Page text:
The truth is that the words of Mr. Wilson had sunk far deeper into the consciousness of the Italian people than any words of D’Annunzio’s ever did; and for this clear and simple reason. Wilson spoke to them of a new world, a world of peace and justice and equality. D’Annunzio spoke to them of a revival of Rome, of the resurrection of the Latin race, of the defense of Italy’s national rights and the completion of her liberation from a foreign yoke. He spoke to them of the glory of war, of the magnificence of Italy’s resistance, of the beauty of her sacrifice. Wilson spoke to them of peace on earth. D’Annunzio spoke the words needed to urge them to war and to sustain their courage through the long conflict. But at the end, tired as they were, exhausted as they knew the country to be, and weary with hope deferred, what could an appeal to further resistance mean to them compared to the prospect of permanent peace? In the first, flush of victory, one of the sturdy, muscular bersaglieri, distributing the plumes of his helmet to an applauding crowd, exclaimed, ‘We are all one people now; the nations are united in friendship and peace, now and forever. Wilson has said it.’

The poet D’Annunzio, standing on the Roman Capitoline, kissing the warstained flag of Trieste for each of the unredeemed cities of the Adriatic coast, and then binding it in crêpe until the day they should be liberated—what had he to offer in comparison to this new religion of unity among the peoples? Yet he had the power to hold many: and already on that day, three months before he led his ten thousand volunteers into Fiume, officers of the army and navy, combatants of all ranks, had declared themselves ready to answer his call if he decided to ‘do anything more for Italy.’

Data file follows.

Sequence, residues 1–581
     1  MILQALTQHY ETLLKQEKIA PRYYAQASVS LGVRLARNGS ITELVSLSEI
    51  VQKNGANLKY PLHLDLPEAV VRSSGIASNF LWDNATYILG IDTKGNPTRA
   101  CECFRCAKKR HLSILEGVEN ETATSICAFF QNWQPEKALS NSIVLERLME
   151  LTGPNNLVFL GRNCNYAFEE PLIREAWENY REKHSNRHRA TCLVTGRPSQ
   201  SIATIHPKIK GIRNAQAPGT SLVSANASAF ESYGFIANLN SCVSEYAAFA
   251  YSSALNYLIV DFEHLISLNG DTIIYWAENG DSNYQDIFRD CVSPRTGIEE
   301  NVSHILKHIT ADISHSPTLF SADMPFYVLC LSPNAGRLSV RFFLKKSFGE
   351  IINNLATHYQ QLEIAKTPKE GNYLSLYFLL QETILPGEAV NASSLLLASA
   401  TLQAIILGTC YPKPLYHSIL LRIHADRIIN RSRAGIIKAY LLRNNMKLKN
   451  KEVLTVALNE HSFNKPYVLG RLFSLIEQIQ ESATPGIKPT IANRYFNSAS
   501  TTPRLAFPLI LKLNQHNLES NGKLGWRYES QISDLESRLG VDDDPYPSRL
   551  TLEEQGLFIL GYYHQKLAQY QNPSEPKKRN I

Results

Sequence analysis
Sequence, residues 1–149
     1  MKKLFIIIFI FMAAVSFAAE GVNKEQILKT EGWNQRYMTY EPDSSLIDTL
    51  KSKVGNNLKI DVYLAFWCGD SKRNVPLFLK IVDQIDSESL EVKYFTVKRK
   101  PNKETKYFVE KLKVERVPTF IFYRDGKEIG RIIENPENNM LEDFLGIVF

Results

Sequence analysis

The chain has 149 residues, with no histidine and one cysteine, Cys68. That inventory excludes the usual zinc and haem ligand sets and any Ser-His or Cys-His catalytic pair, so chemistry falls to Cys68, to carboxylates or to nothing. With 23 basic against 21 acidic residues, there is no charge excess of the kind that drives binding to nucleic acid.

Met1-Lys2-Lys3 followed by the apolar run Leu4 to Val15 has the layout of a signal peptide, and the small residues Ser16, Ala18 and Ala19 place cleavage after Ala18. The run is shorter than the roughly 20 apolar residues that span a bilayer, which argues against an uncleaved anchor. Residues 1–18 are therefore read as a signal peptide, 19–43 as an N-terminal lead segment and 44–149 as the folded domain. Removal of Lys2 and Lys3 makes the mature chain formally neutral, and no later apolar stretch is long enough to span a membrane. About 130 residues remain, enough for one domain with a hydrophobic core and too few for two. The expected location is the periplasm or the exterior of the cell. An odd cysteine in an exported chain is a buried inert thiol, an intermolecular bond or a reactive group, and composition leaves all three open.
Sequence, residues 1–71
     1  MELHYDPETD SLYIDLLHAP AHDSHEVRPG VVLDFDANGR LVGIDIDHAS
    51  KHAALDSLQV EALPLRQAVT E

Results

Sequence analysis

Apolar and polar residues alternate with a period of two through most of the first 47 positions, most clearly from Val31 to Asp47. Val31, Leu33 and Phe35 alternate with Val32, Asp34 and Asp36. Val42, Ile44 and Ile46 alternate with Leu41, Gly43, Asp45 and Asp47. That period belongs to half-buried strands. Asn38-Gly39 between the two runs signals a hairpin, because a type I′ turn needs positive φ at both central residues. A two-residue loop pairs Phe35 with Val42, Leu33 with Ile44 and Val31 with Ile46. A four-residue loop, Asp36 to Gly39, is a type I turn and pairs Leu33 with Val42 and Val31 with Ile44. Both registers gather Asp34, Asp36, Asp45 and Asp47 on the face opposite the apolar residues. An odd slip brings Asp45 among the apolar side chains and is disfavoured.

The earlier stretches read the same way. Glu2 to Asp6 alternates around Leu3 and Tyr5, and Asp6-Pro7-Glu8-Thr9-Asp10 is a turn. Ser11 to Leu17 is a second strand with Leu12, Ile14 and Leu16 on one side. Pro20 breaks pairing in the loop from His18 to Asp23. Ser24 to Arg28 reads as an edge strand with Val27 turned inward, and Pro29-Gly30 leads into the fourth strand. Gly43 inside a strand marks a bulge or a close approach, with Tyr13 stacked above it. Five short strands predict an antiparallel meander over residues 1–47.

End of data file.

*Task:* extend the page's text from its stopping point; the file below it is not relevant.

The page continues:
Nothing but the deep disillusionment of the people could have made this possible. Whatever may have been D’Annunzio’s motive, — whether, having failed to win an epic death, he now sought fame as the protagonist in a drama of life; whether, having made Dalmatia his mistress, he was burning to lay a living sacrifice at her feet; whether it was true patriotism that moved him or inflated selfishness,—it is certain that he won the approval of much of the best element of the nation. Idealists and liberals, disappointed over the Conference of Paris, had lost their faith in the future. The cause for which they had led the country into war against the materialists who stood for the greater gain of neutrality was being dragged in the dust. And it is not altogether strange if the Old-World ideals for which D’Annunzio stands — chivalrous resistance, fearless defiance, and the determination never to yield — seemed to them more noble than all the compromises of the peacemakers. Italy had fought with the Allies for the rights of small nations, for the principle of self-determination, for democracy against autocracy. That she was now wronged, misunderstood, and treated as an enemy, was only the culminating stroke of disillusionment. The principles of the Allies had been flaunted — and for what purpose? If Mr. Wilson had denied Italian irredentism, miscalling it imperialism, then why had he yielded to Japan? It was clear that might was still right, in spite of the hard struggle to disprove it. The ideal of the New World had failed.